While protests have rocked the state capitol in recent years, until now, it has been songs of labor solidarity ringing in the air. The March 6 shooting death of Tony Robinson, an unarmed biracial teen shot by a white Madison police officer, has changed the playlist to one that has been heard in Milwaukee since the Dontre Hamilton shooting last year: “Black lives matter”; “Hands up don’t shoot”; “No justice no compromise.”
With peaceful protesters blocking Madison traffic and the sidewalks leading to the state capitol since the deadly shooting, there is no sign that the latest death at the hands of police will go away quietly.
Hamilton’s own family members – brother, Nate, and mother, Maria – have been front-and-center, keeping the message alive since the fatal shooting of Dontre in Red Arrow Park April 30 by former Milwaukee Police Officer Christopher Manney.
Hamilton family attorney, Jonathan Safran, said it is interesting how much national attention the Robinson case immediately received, compared to the Hamilton shooting almost one year ago.
“I think it’s the timing,” Safran said. “The country seems much more polarized and now we are seeing violence against police officers. It is terrible how things have gone, and I don’t know where it’s going to end, but something has to be done to change.”
Robinson, 19, died after what Madison police said was a confrontation in which he assaulted 45-year-old police veteran Matt Kenny. A preliminary autopsy showed Robinson was shot in his head, torso and right arm.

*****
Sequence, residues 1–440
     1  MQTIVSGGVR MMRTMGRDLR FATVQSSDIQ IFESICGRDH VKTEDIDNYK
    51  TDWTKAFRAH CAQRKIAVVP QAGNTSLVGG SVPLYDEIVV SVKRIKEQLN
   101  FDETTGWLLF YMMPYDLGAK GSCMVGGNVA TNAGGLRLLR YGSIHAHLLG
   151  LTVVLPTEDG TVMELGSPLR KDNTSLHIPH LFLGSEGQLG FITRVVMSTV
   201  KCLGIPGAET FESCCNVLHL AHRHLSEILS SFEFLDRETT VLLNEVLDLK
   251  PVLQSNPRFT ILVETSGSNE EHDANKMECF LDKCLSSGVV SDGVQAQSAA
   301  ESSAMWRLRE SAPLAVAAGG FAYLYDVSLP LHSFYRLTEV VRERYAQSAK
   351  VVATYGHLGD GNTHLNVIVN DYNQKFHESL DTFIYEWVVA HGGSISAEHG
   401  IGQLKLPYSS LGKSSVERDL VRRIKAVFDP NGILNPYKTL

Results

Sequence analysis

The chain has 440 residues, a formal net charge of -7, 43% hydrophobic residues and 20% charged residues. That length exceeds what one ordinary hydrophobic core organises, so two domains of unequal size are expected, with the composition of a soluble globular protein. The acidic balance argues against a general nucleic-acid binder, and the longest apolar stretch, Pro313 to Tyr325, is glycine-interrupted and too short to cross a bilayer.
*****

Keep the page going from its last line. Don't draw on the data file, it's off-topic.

Madison Police Chief Mike Koval soon went to Robinson’s family, prayed with his grandmother, and identified Kenny as the shooter. He also told the media about Kenny’s previous police-involved shooting eight years ago that resulted in a death.
“People have tried to compare our response to Ferguson, and maybe this has a little to do with that, but we decided awhile back if it’s good news, get it out fast and if it’s bad news, get it out faster,” says Joel DeSpain, public information officer with the Madison Police Department. “It’s going to take a lot of work to build up trust again, especially in certain parts of our community. But when the chief has spoken, it is not talking points. It comes from his heart.”
Milwaukee Police Chief Ed Flynn handled the Hamilton shooting differently, holding a press conference the following day, which incensed the Hamilton family into protest. Manney’s name was also not revealed until five months after the shooting when Nate Hamilton said it during a September meeting of the Fire and Police Commission.
Flynn fired Manney in October for the officer’s failure to adhere to department search procedures when he approached Dontre and patted him down, resulting in an altercation that ultimately led to the shooting.
Manney’s appeal hearing to get his job back will begin at 4:30 p.m. March 19, and is scheduled to last three days. Safran says the hearing many not answer all of the questions many people – including the Hamiltons – want to hear, since it will focus on everything before Dontre Hamilton was patted down by Manney. If the Fire and Police Commission finds Flynn was justified in firing Manney and the hearing goes into a disciplinary phase, the actual shooting may be discussed, says Safran.
While the District Attorney has decided not to charge Manney criminally, Safran is in regular contact with federal investigators who are reviewing the case, and is also awaiting more information from the Wisconsin Department of Justice, Division of Criminal Investigation Department, to determine if a civil suit against the city of Milwaukee will be filed.
“Probably, given the information we have, we will proceed, but no final decision has been made,” says Safran. “Ultimately, it’s up to the family to decide.”
Meanwhile in Madison, the Division of Criminal Investigation is investigating the Robinson shooting.